Filed under: Art, General, History and Culture, Israeliness, Pop Culture, Profiles
With all the talk in recent years about Israeli popular music exports, it’s easy to forget that there are plenty of Israeli entertainers in other realms who have been enjoying growing successes overseas. The world over, there are plenty of Israeli illusionists, dub bassists, jazz saxophonists, supermodels and even boxers - you name it.
When the percussive Mayumana dance troupe got started 13 years ago, many dismissed it as a local knockoff of international sensation Stomp. Now the ensemble maintains a busy schedule touring worldwide. Today Mayumana employs 100 people globally and has starred in ads for brands like Fiat and Coca Cola. Last week, the ensemble premiered Momentum, its new show, for local audiences of thousands at the Jerusalem Theater, under the framework of the Israel Festival.
Ha’aretz recently interviewed Tel Aviv-born Mayumana co-founder Boaz Berman as well as producer Roy Ofer, who joined the team shortly after its launch.
Ofer believes that the key to Mayumana’s success has been the way that he makes sure to keep things in-house:
“We have our own people who we work with, and we rarely involve people from the outside. On tours abroad, we have our own way of doing things. We don’t just perform and leave. We performed in Madrid for eight months, we were in New York for six months, and so on.”
Berman, meanwhile, remembers the early days fondly:
“Our goal was to put on a show that would be different from anything else out there. We were so fired up that we were sure we’d succeed. The people who worked with us then did it for free, because they all believed in us. We worked all day every day, and when we had enough material we started doing open presentations to friends on Wednesdays, which evolved from week to week.”
But according to Ofer, it’s unfair to call Mayumana a “troupe,” when so much more comes into the performances:
“In a troupe, the members all do one specific thing – dancing or drumming or whatever,” Berman explains fervently. “With us, everyone does everything, even though on the face of it they’re completely disparate – one is a professional dancer, another is the national archery champion, another one’s an actor, this one’s a contortionist. Our job is to unite them. It’s a group of people, not a troupe.”
Hey, man. Whatever terminology you prefer. Just keep doing whatever it is that you want to call what you’re doing, because people seem to like it.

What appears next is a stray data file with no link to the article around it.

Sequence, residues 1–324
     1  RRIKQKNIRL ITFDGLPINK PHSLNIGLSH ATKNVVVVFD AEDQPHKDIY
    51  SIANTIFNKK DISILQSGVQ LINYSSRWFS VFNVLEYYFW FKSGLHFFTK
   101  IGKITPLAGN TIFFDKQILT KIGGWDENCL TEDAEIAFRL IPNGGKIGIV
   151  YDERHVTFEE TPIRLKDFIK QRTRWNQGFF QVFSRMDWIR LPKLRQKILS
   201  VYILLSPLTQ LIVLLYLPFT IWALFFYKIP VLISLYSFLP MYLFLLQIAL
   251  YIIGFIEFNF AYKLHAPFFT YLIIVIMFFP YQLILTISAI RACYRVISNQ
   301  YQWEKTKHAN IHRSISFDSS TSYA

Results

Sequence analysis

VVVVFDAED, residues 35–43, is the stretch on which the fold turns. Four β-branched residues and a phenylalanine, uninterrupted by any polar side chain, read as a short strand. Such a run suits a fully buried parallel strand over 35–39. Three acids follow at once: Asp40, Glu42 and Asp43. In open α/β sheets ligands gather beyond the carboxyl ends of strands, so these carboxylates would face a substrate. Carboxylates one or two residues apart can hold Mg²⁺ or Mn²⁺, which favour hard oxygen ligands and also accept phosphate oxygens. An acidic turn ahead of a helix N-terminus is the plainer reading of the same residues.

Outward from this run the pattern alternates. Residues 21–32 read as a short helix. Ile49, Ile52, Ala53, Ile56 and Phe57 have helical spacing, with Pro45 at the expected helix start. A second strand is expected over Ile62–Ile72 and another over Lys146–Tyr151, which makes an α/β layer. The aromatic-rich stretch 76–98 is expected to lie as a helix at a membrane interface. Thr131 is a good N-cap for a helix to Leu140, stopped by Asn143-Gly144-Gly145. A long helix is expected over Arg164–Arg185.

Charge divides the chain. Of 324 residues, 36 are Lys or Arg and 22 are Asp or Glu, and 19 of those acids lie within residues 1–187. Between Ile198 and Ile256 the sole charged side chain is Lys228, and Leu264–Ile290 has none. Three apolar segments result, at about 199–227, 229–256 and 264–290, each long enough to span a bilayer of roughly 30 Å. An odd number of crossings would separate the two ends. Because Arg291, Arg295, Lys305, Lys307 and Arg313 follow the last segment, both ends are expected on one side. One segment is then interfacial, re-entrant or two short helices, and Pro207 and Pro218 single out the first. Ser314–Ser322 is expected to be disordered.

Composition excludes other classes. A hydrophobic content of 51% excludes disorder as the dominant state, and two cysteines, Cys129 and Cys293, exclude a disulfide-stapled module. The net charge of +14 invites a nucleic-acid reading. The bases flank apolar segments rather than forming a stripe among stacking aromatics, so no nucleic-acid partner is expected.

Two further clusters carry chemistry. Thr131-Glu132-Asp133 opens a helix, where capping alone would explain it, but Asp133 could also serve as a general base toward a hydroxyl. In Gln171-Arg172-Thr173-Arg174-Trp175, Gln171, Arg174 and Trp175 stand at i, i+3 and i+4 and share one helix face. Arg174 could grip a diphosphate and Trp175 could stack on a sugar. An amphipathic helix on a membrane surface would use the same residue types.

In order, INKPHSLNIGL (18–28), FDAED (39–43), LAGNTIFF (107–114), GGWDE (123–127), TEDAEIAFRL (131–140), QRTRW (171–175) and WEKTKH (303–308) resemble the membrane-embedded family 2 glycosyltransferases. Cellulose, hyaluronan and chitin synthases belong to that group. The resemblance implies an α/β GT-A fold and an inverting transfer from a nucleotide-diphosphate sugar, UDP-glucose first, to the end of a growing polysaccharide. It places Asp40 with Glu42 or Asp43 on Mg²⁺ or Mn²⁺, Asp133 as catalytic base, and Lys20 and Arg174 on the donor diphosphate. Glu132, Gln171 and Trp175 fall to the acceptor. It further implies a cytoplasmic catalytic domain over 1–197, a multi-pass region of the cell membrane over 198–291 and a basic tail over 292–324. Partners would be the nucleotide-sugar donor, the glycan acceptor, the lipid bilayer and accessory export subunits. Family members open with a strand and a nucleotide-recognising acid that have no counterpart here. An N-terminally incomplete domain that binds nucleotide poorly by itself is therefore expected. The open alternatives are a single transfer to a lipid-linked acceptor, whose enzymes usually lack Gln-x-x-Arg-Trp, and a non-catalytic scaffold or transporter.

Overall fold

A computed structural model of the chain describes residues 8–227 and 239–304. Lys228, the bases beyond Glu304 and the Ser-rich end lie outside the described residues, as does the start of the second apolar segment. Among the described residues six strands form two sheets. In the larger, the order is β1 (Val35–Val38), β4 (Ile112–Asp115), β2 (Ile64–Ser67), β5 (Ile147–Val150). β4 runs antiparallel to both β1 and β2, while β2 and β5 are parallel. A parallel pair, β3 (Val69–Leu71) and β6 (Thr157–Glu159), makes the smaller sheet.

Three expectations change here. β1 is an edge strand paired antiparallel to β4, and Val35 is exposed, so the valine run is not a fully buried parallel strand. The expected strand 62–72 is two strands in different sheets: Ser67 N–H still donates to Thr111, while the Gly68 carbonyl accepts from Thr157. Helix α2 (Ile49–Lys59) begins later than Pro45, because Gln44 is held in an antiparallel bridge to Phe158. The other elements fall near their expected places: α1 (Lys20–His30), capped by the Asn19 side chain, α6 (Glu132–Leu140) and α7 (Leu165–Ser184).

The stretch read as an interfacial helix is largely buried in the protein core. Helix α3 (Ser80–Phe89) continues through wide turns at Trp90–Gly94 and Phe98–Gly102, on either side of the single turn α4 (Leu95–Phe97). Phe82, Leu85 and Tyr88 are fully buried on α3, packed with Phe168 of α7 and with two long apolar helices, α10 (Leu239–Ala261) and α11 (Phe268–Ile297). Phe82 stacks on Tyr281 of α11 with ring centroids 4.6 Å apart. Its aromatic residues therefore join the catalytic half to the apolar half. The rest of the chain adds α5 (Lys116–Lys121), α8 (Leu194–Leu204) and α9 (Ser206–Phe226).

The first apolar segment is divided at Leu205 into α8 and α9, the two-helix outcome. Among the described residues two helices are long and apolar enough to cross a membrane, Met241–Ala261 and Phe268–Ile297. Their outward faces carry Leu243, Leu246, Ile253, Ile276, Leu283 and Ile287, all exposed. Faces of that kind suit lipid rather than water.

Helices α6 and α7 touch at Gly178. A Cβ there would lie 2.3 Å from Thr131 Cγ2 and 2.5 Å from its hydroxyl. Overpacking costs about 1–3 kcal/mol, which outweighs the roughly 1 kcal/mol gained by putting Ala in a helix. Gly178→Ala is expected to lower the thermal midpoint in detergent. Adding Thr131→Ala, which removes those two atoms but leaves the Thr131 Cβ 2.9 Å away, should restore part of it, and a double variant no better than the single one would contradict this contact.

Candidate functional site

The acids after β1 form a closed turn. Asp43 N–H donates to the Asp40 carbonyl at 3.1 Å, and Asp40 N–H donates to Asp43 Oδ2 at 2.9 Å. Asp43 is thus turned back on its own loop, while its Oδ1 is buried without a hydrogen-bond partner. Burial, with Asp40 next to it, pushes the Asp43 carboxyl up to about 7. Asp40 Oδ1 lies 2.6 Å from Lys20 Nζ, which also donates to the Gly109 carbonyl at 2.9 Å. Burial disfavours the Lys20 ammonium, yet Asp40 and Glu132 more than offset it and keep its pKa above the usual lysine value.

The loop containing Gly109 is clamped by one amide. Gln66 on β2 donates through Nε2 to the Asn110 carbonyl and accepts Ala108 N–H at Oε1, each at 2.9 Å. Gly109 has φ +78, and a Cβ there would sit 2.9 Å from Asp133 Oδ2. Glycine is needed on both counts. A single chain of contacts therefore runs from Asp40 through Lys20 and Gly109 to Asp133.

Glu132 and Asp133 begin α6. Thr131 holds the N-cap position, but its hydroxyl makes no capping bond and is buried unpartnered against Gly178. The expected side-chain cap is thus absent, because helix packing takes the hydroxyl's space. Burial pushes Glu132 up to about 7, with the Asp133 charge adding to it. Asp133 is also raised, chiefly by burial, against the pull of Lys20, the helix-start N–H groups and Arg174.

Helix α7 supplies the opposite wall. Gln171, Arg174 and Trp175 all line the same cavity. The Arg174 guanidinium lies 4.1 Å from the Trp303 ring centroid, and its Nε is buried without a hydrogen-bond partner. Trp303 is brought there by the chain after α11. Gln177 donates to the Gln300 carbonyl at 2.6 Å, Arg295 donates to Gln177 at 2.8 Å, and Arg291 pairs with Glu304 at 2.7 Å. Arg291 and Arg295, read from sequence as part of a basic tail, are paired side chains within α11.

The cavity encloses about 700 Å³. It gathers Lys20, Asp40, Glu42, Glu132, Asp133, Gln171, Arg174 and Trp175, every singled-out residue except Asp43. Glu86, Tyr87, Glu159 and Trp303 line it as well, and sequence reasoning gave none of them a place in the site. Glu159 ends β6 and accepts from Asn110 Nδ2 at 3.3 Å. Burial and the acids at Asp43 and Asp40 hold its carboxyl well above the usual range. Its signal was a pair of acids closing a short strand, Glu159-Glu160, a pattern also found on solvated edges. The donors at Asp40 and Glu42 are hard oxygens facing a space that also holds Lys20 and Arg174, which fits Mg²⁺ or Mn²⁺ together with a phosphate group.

Just when we thought we’d seen all that Jerusalem has to offer, along comes a surprise in the most unusual of spaces. For weeks, the Jerusalem municipality has been running full-page ads promoting Art Jerusalem 08, an exhibition with hundreds of mostly new and unknown artists. The setting was the Underground Prisoner’s Museum just off Kikar Safra (City Hall Plaza) in the Russian Compound neighborhood.
The fair was fabulous, ranging from under appreciated impressionists like Reuven Rubin to up and coming artists such as Ra’anana-based Estee Kreisman whose paint-on-photo panoramic canvases were one of our favorites. There was also a fair sprinkling of multimedia new age video and music-centric installations.
Art was for sale too. In one gallery, you could pick up a pint-sized version of David Gerstein’s striking multi-layered metal-on-metal sculptures or gaze longingly at an authentic Agam. There was an exhibition of just Bob Dylan photographs and even a Sotheby’s gallery featuring paintings for sale (at prices jumping to the hundreds of thousands of dollars for some works).
The highlight, though, was not the art itself but the interplay between the exhibition and the museum. The Underground Prisoner’s Museum was new to us (though both of our older kids have taken school field trips there). The museum is set in and around a former British jail used to house inmates ranging from petty criminals to political prisoners from 1918 to 1948 when the British quit Palestine. The building itself dates back to 1858 when it was served as a Russian pilgrims’ hospice for women.
The exhibits depict life in the prison and tell the stories of the underground groups and their members in order to perpetuate their memories. Incarceration resulted from offenses that included putting up posters, training and possession of weapons, and physical assault. At its height, the prison population totaled 250.
There are several long corridors lined with prison cells where inmates slept 8 to a room on thin woven mattresses on the floor. We toured the solitary confinement cells, the infirmary, synagogue and death row. Prisoners from the Jewish underground were put to work making coffins and gravestones for British policemen and soldiers they had killed in combat.
In retaliation, the British executed tens of Jews from the Irgun, Hagana and Lechi brigades during the time the jail was in operation (most of the underground members were transferred to the prison in Acre for execution). Large photographs of each of the underground fighters executed are displayed in an emotionally wrenching gallery.